0
$\begingroup$

I have this problem where I have to solve the following integral.

${\displaystyle\int}\dfrac{1}{\left(x+a^2\right)\left(x+b\right)^2}\,\mathrm{d}x$

I checked the solution on https://www.integral-calculator.com/ and the first step of the solution is a trick.

$={\displaystyle\int}\left(-\dfrac{1}{\left(b^2-2a^2b+a^4\right)\left(x+b\right)}-\dfrac{1}{\left(b-a^2\right)\left(x+b\right)^2}+\dfrac{1}{\left(b^2-2a^2b+a^4\right)\left(x+a^2\right)}\right)\mathrm{d}x$

So here the fraction is decomposed into 3 parts. Afterwards the integral is easily solved by applying linearity. How to determine in how many parts the fraction should be decomposed and how to actually decompose it without guessing?

$\endgroup$
1
  • $\begingroup$ It is not a trick but the method. $\endgroup$ – Claude Leibovici Feb 12 at 13:53
3
$\begingroup$

Here $x = -b$ is a pole of order $2$ and $x = -a^2$ is a pole of order $1$. There is no quadratic or higher order terms here in the denominator.

So the partial fraction will consist of $2+1 = 3$ terms.

In general (considering only linear factors in the denominator)

$\frac{c}{(x-p_1)^{k}(x-p_2)^{h}}$ ($k$ and $h$ are positive integers) can be split into $k+h$ partial fractions as follows.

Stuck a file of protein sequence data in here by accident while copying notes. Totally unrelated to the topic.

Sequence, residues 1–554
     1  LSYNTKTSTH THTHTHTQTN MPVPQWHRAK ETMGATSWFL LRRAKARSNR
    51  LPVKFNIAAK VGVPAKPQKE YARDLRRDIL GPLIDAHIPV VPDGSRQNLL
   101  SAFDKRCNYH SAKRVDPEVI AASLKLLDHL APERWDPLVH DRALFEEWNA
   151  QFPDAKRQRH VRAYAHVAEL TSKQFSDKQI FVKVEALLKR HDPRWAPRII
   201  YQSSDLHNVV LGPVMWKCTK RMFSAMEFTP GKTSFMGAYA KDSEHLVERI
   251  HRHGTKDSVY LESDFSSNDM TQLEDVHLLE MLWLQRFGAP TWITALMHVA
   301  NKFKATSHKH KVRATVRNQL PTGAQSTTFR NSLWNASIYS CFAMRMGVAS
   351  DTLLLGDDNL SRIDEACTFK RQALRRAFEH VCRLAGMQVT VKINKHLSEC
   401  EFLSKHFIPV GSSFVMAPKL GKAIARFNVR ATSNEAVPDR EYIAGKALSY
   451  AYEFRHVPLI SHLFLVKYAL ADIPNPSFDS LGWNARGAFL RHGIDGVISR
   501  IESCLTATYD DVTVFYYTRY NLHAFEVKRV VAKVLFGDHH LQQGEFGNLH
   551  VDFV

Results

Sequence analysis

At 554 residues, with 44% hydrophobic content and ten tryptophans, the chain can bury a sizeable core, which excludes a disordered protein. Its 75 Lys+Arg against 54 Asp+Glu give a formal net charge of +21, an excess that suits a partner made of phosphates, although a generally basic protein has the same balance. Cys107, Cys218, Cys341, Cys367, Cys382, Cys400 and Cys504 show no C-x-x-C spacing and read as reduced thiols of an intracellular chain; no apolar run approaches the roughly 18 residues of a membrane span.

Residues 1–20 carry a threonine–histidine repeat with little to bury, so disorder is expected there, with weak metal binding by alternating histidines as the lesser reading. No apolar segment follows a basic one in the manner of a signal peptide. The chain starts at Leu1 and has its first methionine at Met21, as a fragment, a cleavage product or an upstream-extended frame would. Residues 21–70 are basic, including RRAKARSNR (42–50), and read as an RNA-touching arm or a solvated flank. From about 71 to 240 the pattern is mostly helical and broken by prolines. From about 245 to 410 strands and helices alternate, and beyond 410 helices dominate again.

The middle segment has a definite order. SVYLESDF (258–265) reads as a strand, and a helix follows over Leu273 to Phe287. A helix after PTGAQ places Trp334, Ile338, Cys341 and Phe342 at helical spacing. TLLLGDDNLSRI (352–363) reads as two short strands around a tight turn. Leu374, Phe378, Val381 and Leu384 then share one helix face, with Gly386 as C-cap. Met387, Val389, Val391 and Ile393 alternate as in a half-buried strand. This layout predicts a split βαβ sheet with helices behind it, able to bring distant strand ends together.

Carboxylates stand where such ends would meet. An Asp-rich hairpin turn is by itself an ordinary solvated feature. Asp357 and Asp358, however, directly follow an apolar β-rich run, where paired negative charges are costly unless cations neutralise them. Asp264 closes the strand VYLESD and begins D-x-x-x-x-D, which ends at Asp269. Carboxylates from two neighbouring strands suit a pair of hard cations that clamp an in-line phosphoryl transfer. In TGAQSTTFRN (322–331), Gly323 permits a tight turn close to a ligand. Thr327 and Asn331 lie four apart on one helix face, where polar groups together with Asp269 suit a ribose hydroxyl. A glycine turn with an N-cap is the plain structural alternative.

$$\begin{align}\frac{c}{(x-p_1)^{k}(x-p_2)^{h}} &= \left[\frac{l_1}{x-p_1} +\frac{l_2}{(x-p_1)^2} +\cdots+\frac{l_k}{(x-p_1)^k}\right] \\&+\left[ \frac{m_1}{x-p_2} +\frac{m_2}{(x-p_2)^2} +\cdots\frac{m_h}{(x-p_2)^h} \right]\end{align} $$

($l_i$ and $h_i$ are constants to be determined.)

$\endgroup$
1
$\begingroup$

This is usual partial fraction decomposition. The referenced Wikipedia article provides algorithms to compute the decomposition.

$\endgroup$

Your Answer

By clicking “Post Your Answer”, you agree to our terms of service, privacy policy and cookie policy

Not the answer you're looking for? Browse other questions tagged or ask your own question.